I'm working on a high speed board design containing transimpedance amplifiers. Here's the schematic below:


simulate this circuit – Schematic created using CircuitLab

Right now, my layout seems fine, but I'm concerned about placing vias to connect ground planes. This is a 6-layered board, with all planes designated as ground planes. I was told that you should place ground vias to connect the ground planes together in order to create a stronger connection to ground between all the layers and/or possibly reduce the inductance of the overall board to allow for faster signaling. Given the layout limitations, the image below showcases the board thus far:


Does the size of the via really matter, or is it better to just have as many vias as possible wherever you can? Are there some recommended areas where I should place more vias? Is this perhaps overkill with the vias? I'm using a coaxial connector for the output of the signal, so I placed tiny vias around it close to the no fill zones.

EDIT: Here's another picture of the board, but horizontal rather than vertical. I apologize for the quality of the image. I can't seem to do any better. The ground vias are completely surrounded by the ground planes (in the images, only the top and bottom ground planes are shown to make it less confusing). You can see an example of them at the coaxial connector, with the center pin surrounded by the no fill zone in the bottom plane. The four ground connectors surrounding it are filled by the ground plane while the center pin doesn't touch it. I don't know if this is a good explanation, but please let me know if I can be clearer about it. Other examples of ground vias include the square of vias in the center of the board.


EDIT: Someone mentioned that it would probably be clearer if I posted the board as separate layers for easier viewing:

Top layer:


Inner Layer 1:

Inner Layer 1

Inner Layer 2:

Inner Layer 2

Inner Layer 3:

Inner Layer 3

Inner Layer 4:

Inner Layer 4

Bottom Layer:

Bottom Layer

  • \$\begingroup\$ Might want to upload a larger image, one in which we can see the vias. \$\endgroup\$ – Tom Carpenter Aug 14 '17 at 18:26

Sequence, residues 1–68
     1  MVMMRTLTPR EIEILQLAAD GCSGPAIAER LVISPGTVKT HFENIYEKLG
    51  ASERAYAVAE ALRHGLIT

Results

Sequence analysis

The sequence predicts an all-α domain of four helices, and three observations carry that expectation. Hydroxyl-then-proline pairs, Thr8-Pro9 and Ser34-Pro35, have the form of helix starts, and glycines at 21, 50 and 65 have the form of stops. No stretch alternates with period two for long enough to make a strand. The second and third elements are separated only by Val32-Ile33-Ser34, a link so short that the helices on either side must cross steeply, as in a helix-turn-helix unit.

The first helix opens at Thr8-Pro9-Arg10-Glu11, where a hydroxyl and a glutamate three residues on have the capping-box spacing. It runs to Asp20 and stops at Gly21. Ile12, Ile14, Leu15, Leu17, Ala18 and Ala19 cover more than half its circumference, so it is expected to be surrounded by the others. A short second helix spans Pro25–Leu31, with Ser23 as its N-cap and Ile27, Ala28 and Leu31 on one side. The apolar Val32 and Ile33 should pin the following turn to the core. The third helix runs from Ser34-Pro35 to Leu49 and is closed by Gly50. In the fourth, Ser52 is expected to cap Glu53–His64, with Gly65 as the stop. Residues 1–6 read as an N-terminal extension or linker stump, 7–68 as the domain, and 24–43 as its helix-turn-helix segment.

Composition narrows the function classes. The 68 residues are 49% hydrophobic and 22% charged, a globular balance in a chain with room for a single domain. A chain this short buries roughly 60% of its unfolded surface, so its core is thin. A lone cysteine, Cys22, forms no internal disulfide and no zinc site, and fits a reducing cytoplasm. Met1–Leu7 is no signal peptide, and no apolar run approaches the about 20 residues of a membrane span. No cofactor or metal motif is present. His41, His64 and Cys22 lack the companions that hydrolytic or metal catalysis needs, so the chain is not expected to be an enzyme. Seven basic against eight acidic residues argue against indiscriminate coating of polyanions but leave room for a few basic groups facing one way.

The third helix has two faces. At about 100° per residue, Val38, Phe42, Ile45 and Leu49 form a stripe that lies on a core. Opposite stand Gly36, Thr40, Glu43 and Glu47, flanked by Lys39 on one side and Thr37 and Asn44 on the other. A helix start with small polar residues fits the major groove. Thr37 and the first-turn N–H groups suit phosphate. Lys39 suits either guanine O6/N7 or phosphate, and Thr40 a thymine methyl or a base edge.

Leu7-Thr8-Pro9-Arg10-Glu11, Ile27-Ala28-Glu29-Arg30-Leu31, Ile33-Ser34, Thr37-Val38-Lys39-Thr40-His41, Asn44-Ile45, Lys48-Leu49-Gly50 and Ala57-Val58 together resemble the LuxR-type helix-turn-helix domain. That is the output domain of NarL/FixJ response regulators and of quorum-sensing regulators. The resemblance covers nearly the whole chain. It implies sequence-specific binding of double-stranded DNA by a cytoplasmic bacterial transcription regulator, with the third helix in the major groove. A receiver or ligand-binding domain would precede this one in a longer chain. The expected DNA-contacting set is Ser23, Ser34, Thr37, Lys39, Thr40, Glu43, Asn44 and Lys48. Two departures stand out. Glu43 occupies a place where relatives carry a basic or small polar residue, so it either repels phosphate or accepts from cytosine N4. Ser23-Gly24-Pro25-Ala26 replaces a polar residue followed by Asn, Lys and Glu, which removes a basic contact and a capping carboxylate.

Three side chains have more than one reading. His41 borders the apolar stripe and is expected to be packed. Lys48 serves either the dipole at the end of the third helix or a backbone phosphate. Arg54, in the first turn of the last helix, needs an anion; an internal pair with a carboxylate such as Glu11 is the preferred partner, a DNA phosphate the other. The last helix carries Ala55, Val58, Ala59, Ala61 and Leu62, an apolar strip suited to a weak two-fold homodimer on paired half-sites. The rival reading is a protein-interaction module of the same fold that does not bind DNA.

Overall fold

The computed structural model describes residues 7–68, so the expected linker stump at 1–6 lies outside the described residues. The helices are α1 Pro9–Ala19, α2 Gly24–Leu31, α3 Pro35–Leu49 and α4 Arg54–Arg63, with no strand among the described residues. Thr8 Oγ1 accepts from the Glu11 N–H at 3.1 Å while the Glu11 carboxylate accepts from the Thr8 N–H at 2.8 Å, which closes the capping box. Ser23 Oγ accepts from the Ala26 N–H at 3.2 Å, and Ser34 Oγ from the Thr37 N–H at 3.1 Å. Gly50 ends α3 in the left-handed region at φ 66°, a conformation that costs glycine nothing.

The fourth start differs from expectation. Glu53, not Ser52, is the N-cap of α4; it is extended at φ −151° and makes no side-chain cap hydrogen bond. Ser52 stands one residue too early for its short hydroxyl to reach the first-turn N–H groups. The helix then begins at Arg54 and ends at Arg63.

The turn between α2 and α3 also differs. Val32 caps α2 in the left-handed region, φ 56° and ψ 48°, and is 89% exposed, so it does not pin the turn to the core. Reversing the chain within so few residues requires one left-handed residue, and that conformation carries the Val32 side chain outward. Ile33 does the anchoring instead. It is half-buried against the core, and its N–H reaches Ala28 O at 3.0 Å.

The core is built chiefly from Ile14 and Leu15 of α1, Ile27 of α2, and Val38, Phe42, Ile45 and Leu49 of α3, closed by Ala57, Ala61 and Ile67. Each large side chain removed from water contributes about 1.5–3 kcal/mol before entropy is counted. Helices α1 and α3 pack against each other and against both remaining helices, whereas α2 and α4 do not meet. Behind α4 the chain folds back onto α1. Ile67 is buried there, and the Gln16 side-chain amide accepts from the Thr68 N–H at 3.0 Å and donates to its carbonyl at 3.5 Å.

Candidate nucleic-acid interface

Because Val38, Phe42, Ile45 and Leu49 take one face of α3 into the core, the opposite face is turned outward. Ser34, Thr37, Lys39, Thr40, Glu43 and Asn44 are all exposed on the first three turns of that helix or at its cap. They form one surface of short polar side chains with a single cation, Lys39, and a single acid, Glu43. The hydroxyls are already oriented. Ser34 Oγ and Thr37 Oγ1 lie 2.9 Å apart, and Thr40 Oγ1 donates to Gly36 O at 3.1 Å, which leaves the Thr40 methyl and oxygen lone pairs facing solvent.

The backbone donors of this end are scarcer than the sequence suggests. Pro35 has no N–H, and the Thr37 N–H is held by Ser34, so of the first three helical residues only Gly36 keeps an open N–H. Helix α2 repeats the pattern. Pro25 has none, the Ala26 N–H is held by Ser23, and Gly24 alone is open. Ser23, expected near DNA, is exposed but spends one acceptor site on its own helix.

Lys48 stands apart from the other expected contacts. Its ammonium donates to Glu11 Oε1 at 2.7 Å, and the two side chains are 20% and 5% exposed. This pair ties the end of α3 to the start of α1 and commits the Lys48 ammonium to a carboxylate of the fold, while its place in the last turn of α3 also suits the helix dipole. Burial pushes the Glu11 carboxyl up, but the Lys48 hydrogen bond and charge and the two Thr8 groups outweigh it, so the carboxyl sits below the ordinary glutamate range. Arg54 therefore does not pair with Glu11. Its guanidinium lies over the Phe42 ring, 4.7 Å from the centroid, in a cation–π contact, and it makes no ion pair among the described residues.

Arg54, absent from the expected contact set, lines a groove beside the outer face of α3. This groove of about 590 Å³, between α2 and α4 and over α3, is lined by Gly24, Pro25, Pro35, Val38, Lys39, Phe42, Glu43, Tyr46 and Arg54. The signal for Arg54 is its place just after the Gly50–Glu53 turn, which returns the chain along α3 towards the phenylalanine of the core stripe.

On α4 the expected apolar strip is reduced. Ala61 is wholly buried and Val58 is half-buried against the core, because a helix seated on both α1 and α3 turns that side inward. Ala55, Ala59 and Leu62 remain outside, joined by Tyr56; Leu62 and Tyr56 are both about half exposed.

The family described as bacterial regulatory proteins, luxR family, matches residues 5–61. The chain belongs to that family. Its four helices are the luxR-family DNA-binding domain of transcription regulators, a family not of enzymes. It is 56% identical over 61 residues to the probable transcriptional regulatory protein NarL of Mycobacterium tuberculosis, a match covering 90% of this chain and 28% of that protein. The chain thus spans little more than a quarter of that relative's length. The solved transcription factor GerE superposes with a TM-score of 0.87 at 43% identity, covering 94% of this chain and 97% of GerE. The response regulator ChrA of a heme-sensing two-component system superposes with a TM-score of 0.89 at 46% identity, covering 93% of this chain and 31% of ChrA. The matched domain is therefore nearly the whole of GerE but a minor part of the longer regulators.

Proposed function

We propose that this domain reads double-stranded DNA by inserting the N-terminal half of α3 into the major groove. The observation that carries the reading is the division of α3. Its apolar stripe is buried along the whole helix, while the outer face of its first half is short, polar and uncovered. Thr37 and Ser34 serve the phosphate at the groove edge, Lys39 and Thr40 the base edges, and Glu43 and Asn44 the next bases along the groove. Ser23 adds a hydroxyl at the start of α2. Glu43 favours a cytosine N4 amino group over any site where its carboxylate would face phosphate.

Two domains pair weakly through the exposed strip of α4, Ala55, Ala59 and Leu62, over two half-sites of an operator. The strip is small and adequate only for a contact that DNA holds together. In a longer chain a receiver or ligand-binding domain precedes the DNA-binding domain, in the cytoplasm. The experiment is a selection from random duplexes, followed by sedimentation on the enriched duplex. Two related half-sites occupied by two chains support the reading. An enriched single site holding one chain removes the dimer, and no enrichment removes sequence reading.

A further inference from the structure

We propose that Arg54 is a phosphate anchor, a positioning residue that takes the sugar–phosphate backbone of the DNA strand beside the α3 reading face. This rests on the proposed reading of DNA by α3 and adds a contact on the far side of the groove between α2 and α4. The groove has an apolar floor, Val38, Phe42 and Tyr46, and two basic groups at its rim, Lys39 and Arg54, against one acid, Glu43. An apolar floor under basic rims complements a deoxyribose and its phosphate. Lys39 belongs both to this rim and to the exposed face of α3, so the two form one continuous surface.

• \$\begingroup\$ You should provide a schematic. Also, please give separate pictures of each layer, that should be a lot more readable... \$\endgroup\$ – peufeu Aug 14 '17 at 18:46
  • 1
    \$\begingroup\$ To me the number of vias is either fine or overkill. I'd bet that if you made 2 versions of this PCB, one like shown and one where you remove half of the vias, you would be unable to distinguish between them in a measurement. You write "high speed" but we're the opamp is a 500 MHz one so it's not like we're in the GHz range. \$\endgroup\$ – Bimpelrekkie Aug 14 '17 at 18:47
  • \$\begingroup\$ Does the size of the via matter? \$\endgroup\$ – user101402 Aug 14 '17 at 18:50

Does the size of the via really matter, or is it better to just have as many vias as possible wherever you can? Are there some recommended areas > > > where I should place more vias?

The size of the via matters, because it changes the value of inductance and resistance. Go find a PCB trace\via calculator. I get lower values of inductance with a larger radius (probably because the current is spread out). Vias can be 1 to 10nH. They also have a charateristic impedance so you can get reflections and in high frequency designs, they need to be matched.